Josh Doctson 'not trying to prove nothing to nobody' in 2019

Chris Lingebach
May 29, 2019 - 7:43 pm
Josh Doctson 'not trying to prove nothing to nobody' in 2019

Chris Lingebach/106.7 The Fan

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Josh Doctson doesn't feel like he has to prove anything to anyone heading into his fourth season with the Redskins.

Doctson is coming off a two-touchdown, 532-yard 2018 season and has recorded 1,100 reception yards and eight touchdowns since being selected 22nd overall in 2016.

"I'm not trying to prove nothing to nobody," Doctson said at Redskins Park on Wednesday. "I'm just trying to get on chemistry with these quarterbacks and trying to find a fit."

Asked if he was surprised the Redskins declined to pick up his fifth-year option in May, Doctson replied, "Nah. I think it's just, man, I'm hitting free agency next year. I won't be the first, I won't be the last that this has happened to; or not even a fifth year, just a fourth year going into their fifth season.

The Redskins could have picked up Doctson's option as early as Dec. 31, 2018, meaning he waited four months to find out whether he would be an unrestricted free agent following the 2019 season.

"I mean, it's nothing to be sad about, be mad about," he said. "Somebody wants you out there, so it's all love."

Doctson won't be using their decision as motivation, because "that would mean it would have got to me, it would have frustrated me, it would have made me feel some type of way. There's no motivation into that."

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Now 26, it feels different for Doctson to be one of the older voices in the receiver room.

"Yeah I feel different. I've aged," he said. "I'm a year ahead of most of these guys, a couple years. Moving up, third oldest in the room. I think with experience comes knowledge, so I think I've gained a lot more knowledge."

Doctson acknowledge it is a weird feeling, but not one he's unfamiliar with.

"It's like college, though, you know? Going from, shoot, even from high school," he said. "So this is same thing, different stage. I like it, though. I've got a lot of these guys ask me questions, look up to me. I appreciate that and I try to steer them in the right way."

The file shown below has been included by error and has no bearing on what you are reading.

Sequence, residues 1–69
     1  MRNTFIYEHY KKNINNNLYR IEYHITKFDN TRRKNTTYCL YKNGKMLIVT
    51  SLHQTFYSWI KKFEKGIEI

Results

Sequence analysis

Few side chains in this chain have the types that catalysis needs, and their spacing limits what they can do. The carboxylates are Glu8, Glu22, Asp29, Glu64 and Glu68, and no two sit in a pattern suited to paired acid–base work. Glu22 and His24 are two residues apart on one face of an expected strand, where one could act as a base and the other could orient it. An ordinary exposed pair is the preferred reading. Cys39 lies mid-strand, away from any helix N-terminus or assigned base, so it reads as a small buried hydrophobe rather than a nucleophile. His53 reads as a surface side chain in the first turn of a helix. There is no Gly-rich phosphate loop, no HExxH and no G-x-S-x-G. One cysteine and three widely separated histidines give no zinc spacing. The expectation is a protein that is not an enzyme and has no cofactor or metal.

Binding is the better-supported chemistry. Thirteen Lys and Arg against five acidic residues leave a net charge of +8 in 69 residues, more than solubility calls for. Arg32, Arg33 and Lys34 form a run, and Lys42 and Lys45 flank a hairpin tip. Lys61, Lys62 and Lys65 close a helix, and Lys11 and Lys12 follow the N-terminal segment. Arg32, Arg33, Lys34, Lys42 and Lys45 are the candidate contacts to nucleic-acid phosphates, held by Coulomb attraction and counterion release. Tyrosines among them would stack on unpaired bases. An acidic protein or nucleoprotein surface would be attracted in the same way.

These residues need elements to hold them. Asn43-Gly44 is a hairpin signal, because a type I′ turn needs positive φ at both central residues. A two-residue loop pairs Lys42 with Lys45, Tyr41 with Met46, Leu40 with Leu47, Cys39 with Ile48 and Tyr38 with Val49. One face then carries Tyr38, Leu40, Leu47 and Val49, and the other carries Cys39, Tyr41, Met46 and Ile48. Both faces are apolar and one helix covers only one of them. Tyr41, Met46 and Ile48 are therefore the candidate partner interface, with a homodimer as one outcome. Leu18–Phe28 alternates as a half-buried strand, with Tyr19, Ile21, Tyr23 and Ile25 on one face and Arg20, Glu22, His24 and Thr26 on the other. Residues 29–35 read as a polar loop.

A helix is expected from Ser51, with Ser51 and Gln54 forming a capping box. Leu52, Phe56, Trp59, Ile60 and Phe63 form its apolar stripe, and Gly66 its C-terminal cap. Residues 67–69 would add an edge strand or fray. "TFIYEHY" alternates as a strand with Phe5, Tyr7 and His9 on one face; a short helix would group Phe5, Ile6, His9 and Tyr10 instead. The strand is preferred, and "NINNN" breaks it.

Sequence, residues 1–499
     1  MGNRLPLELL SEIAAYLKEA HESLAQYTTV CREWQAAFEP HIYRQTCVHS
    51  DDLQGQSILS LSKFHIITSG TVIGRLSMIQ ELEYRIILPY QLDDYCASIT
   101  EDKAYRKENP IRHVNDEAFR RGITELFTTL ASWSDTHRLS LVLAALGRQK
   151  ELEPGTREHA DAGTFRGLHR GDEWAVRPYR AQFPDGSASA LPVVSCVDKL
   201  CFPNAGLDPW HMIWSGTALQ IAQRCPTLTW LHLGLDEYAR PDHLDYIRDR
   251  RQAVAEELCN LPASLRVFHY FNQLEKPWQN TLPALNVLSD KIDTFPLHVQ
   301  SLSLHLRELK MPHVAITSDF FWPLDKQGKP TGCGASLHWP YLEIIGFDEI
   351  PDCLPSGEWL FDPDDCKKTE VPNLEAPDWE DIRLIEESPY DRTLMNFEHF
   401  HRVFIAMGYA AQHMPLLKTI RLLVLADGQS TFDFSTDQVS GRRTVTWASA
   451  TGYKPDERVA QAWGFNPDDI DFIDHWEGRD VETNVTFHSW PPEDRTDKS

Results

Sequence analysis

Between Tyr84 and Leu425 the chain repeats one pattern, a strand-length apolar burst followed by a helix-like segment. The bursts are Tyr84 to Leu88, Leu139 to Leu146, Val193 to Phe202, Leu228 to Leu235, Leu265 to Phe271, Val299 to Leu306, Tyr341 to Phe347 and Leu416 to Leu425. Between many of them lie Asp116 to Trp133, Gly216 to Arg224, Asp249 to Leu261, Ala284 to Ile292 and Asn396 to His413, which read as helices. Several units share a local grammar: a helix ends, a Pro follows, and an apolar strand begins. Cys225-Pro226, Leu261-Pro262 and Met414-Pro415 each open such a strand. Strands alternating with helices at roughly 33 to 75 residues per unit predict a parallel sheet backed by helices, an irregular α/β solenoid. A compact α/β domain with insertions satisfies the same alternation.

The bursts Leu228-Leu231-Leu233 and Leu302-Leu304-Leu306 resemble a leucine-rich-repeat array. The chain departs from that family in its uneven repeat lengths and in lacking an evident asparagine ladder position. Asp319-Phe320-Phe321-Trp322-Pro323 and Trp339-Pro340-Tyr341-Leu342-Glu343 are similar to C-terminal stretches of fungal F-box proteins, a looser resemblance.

One of those young receivers new to the receiver room is third-round pick Terry McLaurin, who could potentially be Doctson's replacement on the roster a year from now, or even sooner. Doctson's first impressions of both McLaurin and first-round pick Dwayne Haskins have been positive.

On Haskins: "He's good, man. He's a quick learner, I'd say. I don't know what they did over there at Ohio State, but they was doing something right, because he's come in here and he hasn't really hesitated. He's real quick, he makes his decisions quick and he throws with a lot of accuracy."

McLaurin has been a quick study, too.

"Yeah. Yeah. Them Ohio State kids are fast, man," Doctson said. "I like what I see and that's going to be a good compliment to the offense."

After three years in the league, Doctson no longer feels the pressure that comes with being a first-round pick.

"Do I feel that pressure? You know I did when I first got here. I think the first two years," he said. "My first year I was injured, second year I felt the pressure, and now it's just playing ball. There's been – what – three or four first rounds since me, so that pressure's on them more so than (me).

"I just can play ball now. So it's a good thing and a bad thing I guess, maybe, but it is what it is. I think that's the pressure of the world versus the pressure you're putting on yourself. So once you see what you're thinking about, you can just relax and play ball."

When exactly did Doctson stop feeling the pressure of his first-round billing?

"After my second year," he said. "I was hurt my first, second I played and I was trying to figure it out, and third I had four different quarterbacks, so we'll see what happens this year."

Asked from where he draws his motivation, Doctson said, "I think just my knowledge of the game, knowing that I'm kind of crossing over into the peak of my career."

"My time is running out like time sand," he said. "So I think it's just kind of more of an emotional last half of my career, where it's just like, man, this will be the last time I tie these cleats. So I guess it's kind of definitely leaning me more in loving the game as the years advance."

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